Image credit: John Kratz, used under Creative Commons license.
When I was a kid, a more unruly friend of mine taught me that I could get to my friends' houses in half the time by taking shortcuts through people's backyards. It was revelatory to me. Having always followed the winding yet somewhat arbitrary routes laid out by footpaths, roads and the fences and buildings that contained them, I was suddenly introduced to hidden passageways, secret paths, and a new way of looking at the town I had always grown up in.
I recently got to thinking about those times again, and I wondered about what trespassing teaches us about the world around us. Before I go on, I should note that my trespassing days did not last long. Being a naturally risk-averse person, and certainly a kid that hated getting in trouble, it only took a few angry shouts from neighbors who (very justifiably!) didn't like young delinquents traipsing past their bedroom windows, and I was back to taking the long route along the sidewalk.
But the experience stuck with me.
There Are Many Layers of Reality
Much like learning a new language teaches us that grammar and vocabulary are social constructs, I no longer saw the buildings, fences and streets around me as the permanent, immovable boundaries of my reality that they had once seemed. They too were social constructs—tools that we had put in place to fulfill a certain purpose, be it housing, transportation, or marking out certain legal rights or obligations. Underneath them was a whole different reality that had been carved out by nature over thousands, even millions, of years.
Rules Are a Means to More Important Ends
I'm not for a second suggesting that we should abolish private property, or adopt a free-for-all approach to access to land. For better or worse, our collective rules on private property, rights of way, and public land help shape how we interact with each other and should, in theory at least, help to ensure social order and cooperation. But they are tools, not the ideological absolutes that some people claim them to be. And, if we're interested in stability, resilience and well-being, we need to be willing to shape them and reform them to ensure that they work for everybody. (Including the preservation of our natural environment.)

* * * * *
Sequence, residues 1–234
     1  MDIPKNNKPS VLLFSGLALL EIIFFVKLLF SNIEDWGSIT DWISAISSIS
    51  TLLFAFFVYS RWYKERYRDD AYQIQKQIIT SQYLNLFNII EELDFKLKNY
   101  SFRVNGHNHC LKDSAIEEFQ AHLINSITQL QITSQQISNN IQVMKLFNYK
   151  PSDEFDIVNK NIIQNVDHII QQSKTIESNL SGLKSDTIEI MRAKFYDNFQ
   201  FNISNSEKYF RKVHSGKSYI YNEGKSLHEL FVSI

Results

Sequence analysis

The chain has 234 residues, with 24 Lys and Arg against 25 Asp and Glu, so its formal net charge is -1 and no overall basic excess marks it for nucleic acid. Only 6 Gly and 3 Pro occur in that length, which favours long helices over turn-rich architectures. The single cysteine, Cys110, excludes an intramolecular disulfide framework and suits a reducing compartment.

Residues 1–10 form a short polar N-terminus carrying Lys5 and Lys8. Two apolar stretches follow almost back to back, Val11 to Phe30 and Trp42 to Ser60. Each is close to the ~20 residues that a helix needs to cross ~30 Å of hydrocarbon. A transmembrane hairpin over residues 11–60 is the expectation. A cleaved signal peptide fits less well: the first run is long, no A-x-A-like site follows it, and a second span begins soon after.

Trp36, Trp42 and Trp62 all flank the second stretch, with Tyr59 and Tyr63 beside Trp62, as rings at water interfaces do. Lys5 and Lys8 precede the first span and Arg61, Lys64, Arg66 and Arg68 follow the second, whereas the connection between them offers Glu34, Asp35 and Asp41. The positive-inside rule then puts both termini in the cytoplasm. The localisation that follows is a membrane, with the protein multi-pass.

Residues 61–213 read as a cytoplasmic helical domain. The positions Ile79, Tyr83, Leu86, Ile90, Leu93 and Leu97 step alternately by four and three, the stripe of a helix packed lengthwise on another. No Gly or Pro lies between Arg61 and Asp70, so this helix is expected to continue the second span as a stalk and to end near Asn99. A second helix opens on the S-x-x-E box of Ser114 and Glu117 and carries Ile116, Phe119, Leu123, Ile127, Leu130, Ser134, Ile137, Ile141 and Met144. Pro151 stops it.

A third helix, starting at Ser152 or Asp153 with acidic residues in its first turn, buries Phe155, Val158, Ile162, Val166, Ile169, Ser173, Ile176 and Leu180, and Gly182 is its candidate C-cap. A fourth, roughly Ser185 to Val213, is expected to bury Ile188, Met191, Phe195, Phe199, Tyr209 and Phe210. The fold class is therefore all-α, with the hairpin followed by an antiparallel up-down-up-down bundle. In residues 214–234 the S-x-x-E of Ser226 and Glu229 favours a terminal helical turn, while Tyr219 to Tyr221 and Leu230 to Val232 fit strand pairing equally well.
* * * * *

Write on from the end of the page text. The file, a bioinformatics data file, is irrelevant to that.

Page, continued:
Property Rights Must Balance Complex Needs
From carlessness as second class citizenship and a dangerous lack of sidewalks, to the complex struggles between conservation and access to natural resources, our decisions on property rights must balance many important and often competing interests. As Lloyd showed in his post on the tragic case of a mom charged with homicide when her son was hit by a hit-and-run driver, all too often we see knee-jerk reactions to protect the powerful and the status quo.
As with any crucial debate, we'll get a whole lot further if we keep our true end goals in mind—and that means understanding that the lines we draw on maps, and the bricks, mortar and fences that follow them, are not set in stone (even if they are often made of it). If may have taken me a few shortcuts through neighbors yards to find that out (sorry, Mr and Mrs Jones!), but I learned a valuable lesson in the process.
More on Planning, Environment and Property Rights
Conservation Want Biodiversity, The Poor Want Biomass
Mom Charged with Homicide After Son is Killed in Hit-and-Run
Communities Designed for Cars are Not Just Unsustainable, They Are Deadly
Being Carless in America is Like Second Class Citizenship